So they conducted three other experimental studies, varying the deal-breaking information that participants received about potential mates.
In one experiment, 132 adults evaluated profiles of four potential mates who were attractive and successful.
Participants then re-evaluated their interest type of relationship with the person, including friendship.
The deal-breakers that involved discrepancies between their own and the potential mate's dating intentions, however, only negatively impacted romantic interest.
The table below shows the percentage of participants who chose each of the 17 traits, broken down by gender.
Participants chose an average of six deal-breakers, with women choosing slightly more than men. The researchers also wanted to understand how these deal-breakers affect our dating decisions.
The researchers interpreted their findings as being consistent with evolutionary theory which posits that women are more discriminating in their mating choices than men. The short and long term consequences of unemployment adversely impacts relationships.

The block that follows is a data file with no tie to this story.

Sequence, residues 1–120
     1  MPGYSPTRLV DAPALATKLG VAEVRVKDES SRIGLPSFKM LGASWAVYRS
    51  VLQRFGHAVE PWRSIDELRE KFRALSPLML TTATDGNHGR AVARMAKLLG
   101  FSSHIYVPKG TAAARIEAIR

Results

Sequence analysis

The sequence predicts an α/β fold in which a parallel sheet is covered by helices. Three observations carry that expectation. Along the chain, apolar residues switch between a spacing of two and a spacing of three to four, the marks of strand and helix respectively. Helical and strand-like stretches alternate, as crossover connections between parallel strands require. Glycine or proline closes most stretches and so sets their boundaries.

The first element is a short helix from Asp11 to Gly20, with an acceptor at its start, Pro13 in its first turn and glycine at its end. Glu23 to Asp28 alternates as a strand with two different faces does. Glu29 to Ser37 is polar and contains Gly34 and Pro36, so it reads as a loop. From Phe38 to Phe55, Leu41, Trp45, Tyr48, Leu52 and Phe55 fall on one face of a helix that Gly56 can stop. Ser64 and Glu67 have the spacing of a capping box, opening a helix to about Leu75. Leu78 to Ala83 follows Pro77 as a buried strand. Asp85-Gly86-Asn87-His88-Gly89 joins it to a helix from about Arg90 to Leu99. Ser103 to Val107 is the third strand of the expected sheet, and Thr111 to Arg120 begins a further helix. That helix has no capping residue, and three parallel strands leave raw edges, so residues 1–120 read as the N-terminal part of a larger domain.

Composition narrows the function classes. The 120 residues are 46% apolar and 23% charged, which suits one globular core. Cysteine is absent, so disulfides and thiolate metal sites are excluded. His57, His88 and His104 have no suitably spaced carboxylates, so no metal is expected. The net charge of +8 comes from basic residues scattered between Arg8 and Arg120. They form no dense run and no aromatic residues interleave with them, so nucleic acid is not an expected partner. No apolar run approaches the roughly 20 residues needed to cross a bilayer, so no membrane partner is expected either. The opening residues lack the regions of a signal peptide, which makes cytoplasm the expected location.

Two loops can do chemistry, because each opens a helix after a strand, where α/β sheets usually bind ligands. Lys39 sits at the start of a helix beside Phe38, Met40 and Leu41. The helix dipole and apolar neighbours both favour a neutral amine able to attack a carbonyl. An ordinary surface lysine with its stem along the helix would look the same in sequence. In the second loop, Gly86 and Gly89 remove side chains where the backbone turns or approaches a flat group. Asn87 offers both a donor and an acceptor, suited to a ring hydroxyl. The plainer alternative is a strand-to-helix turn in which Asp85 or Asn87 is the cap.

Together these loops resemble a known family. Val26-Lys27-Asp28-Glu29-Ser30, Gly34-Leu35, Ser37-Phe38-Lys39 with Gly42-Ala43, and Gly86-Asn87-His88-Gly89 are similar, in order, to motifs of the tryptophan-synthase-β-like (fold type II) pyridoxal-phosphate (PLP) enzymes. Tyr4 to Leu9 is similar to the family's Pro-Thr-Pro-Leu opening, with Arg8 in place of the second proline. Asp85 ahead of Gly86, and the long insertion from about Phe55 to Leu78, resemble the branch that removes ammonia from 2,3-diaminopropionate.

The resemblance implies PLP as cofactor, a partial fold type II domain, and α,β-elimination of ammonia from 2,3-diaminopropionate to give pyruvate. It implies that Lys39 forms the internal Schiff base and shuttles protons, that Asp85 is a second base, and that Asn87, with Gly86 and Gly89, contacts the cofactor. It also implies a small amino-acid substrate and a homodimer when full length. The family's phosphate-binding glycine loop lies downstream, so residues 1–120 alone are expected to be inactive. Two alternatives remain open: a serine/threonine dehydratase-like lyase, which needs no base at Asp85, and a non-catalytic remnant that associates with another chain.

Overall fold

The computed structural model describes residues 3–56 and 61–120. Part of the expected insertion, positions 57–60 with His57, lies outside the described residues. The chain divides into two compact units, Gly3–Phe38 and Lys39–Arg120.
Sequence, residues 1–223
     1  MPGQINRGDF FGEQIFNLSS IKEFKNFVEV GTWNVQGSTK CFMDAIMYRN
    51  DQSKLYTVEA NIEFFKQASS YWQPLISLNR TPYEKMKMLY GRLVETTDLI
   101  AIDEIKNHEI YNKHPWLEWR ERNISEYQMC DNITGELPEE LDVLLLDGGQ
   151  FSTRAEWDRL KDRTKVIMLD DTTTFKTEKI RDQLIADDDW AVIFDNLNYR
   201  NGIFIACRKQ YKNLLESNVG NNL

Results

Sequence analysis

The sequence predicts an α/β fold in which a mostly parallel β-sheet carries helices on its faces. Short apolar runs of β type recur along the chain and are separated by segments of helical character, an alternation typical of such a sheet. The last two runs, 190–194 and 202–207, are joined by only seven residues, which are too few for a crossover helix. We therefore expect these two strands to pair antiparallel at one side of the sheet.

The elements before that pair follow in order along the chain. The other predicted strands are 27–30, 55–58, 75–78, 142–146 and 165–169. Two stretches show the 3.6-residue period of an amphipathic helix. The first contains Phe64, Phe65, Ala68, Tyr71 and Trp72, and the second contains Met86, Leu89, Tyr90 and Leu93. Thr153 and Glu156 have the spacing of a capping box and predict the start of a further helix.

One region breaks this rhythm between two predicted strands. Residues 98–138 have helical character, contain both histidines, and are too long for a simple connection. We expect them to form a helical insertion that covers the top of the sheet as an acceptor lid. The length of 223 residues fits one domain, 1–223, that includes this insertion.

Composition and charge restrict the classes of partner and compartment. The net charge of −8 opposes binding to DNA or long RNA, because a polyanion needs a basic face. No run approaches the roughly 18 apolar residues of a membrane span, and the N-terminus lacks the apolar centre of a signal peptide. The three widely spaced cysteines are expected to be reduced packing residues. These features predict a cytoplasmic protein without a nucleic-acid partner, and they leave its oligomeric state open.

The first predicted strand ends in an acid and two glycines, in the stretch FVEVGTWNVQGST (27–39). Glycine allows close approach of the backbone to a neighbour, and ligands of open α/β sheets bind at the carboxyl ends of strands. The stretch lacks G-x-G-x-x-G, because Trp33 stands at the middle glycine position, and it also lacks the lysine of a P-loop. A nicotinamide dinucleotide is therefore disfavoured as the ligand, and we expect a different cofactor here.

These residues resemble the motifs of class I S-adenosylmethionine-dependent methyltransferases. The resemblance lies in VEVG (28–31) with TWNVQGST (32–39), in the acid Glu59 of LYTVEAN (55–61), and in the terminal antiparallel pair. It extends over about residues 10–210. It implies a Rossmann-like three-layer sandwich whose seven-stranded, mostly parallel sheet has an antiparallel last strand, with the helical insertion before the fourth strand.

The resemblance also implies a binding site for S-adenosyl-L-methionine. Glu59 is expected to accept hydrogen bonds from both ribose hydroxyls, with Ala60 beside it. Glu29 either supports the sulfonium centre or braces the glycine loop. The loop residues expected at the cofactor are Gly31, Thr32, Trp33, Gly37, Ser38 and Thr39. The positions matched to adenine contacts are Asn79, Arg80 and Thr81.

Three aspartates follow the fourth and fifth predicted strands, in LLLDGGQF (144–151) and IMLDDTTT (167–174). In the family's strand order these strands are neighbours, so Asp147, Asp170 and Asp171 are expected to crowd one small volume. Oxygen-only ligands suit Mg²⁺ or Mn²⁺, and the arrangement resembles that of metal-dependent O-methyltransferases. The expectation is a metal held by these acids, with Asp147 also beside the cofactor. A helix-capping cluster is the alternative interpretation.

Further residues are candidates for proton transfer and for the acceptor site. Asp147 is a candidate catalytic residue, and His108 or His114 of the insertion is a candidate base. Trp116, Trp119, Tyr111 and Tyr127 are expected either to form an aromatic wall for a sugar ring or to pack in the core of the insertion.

This was supported by women’s slightly greater tendency to deem various traits deal-breakers and their tendency to be especially affected by the presence of deal-breakers in a potential mate. My observation is that while we may have a list of specific deal-breakers, we can fool ourselves into overlooking gigantic, waving red flags showing that these unwelcome traits exist. So I catch her playing games with me even once, I hit the eject button.
And while one might have expected men to be more willing than women to date someone interested in casual sex when they wanted something more, the researchers did not observe this.
Men were generally more willing than women to engage in both short- and long-term relationships with each of the potential mates.
So in a third study, the researchers surveyed a nationally representative sample of 2,744 single American adults.